If your veterinarian has recommended fluoroscopy for your pet, you might be wondering what that means. Today, our Boulder vet team shares some information about fluoroscopic imaging and conditions it can help to identify.
What is Fluoroscopy?
Fluoroscopy is a kind of diagnostic imaging that allows veterinarians to observe the inside of your pet's body while in motion. Unlike X-rays, wherein your cat or dog usually has to be put under anesthesia in order to keep them still enough to take clear images of their internal structures, fluoroscopy can capture an 'X-ray movie' to watch and replay to diagnose internal conditions that X-rays might miss.
Veterinarians often use fluoroscopy to 'see' moving body systems like the heart, respiratory system, and digestive system.
Swallow Study With Fluoroscopy
Your veterinarian might recommend a swallow study using fluoroscopy if your pet has a number of issues with swallowing including difficulty consuming food, regurgitating after eating, or a suspected esophageal motility disorder.
In order to perform a swallow study, your pet will be placed in the box and fed foods with different consistencies: liquid, semi-wet soft food, and dry kibble. The foods are prepared with a substance that will appear brightly on the fluoroscopic exam. This enables the easier observation of the food through the parts of the body used during the process of swallowing.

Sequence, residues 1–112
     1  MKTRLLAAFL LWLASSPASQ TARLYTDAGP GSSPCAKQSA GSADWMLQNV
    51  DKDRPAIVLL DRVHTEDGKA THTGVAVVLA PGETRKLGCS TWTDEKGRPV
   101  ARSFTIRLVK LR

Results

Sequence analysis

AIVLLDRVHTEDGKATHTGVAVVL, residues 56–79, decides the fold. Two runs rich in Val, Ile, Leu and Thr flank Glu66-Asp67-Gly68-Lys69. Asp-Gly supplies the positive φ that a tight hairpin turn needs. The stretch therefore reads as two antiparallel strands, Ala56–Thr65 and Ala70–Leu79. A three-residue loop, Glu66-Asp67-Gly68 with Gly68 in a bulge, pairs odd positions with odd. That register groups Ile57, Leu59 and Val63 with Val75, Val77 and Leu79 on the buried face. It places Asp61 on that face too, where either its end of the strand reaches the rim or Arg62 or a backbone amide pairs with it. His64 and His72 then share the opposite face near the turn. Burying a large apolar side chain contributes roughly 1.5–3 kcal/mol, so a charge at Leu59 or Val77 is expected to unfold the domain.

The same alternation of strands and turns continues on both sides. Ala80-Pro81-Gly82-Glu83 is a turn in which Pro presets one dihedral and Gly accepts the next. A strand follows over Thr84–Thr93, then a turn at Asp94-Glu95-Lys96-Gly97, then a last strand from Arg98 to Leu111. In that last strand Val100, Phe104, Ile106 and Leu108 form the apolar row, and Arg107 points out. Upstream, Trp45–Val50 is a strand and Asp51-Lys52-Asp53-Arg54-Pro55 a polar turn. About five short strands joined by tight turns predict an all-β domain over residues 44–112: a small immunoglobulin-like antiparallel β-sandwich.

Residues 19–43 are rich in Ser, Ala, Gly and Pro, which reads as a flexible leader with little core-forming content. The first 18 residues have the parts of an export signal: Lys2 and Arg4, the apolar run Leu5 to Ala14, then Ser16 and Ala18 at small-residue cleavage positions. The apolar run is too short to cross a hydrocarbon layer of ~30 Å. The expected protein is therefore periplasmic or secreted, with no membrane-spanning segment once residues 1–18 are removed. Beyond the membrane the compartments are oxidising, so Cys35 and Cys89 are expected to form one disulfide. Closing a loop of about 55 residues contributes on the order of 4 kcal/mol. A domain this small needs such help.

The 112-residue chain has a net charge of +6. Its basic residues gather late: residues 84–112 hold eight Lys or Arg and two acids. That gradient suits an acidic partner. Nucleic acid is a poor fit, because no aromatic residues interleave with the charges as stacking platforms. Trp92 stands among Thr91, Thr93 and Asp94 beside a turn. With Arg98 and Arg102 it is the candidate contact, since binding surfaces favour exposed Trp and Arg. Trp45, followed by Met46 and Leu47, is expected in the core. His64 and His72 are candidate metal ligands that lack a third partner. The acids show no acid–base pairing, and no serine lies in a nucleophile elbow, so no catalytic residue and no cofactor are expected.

Gastroesophageal Reflux Disease (GERD)
Pets suffering from gastroesophageal reflux disease (GERD) experience regurgitation of food and stomach acid, which could lead to esophageal irritation (think of intense heartburn). Ongoing GERD can cause further complications like esophageal damage, appetite loss, and your pet aspirating (breathing in) regurgitated material. A fluoroscopic study can help to diagnose these issues early and start treatment sooner.
Esophageal Motility Disorders
If your pet is experiencing trouble with swallowing their food, they may have an esophageal motility disorder. This means that there is an issue affecting the ability of the esophageal muscles to move and push food quickly and efficiently into the stomach, which could lead to food moving too slowly through the esophagus. Coughing, spitting up food, and even serious issues like accidentally inhaling food particles into the lungs, are all issues that can be diagnosed using fluoroscopy.
Dynamic Airway Examination
If your pet breathes noisily, has trouble breathing easily, or coughs often, your vet might suspect an airway obstruction and order fluoroscopy to identify the presence of any abnormalities in your pet's internal respiratory structures. Conditions that can be diagnosed with fluoroscopy include collapsing trachea and a number of epiglottic abnormalities. With the ability to see the airway issue in motion, your veterinarian can better assess the exact nature of the illness and recommend the appropriate treatment.
Note: The advice provided in this post is intended for informational purposes and does not constitute medical advice regarding pets. For an accurate diagnosis of your pet's condition, please make an appointment with your vet.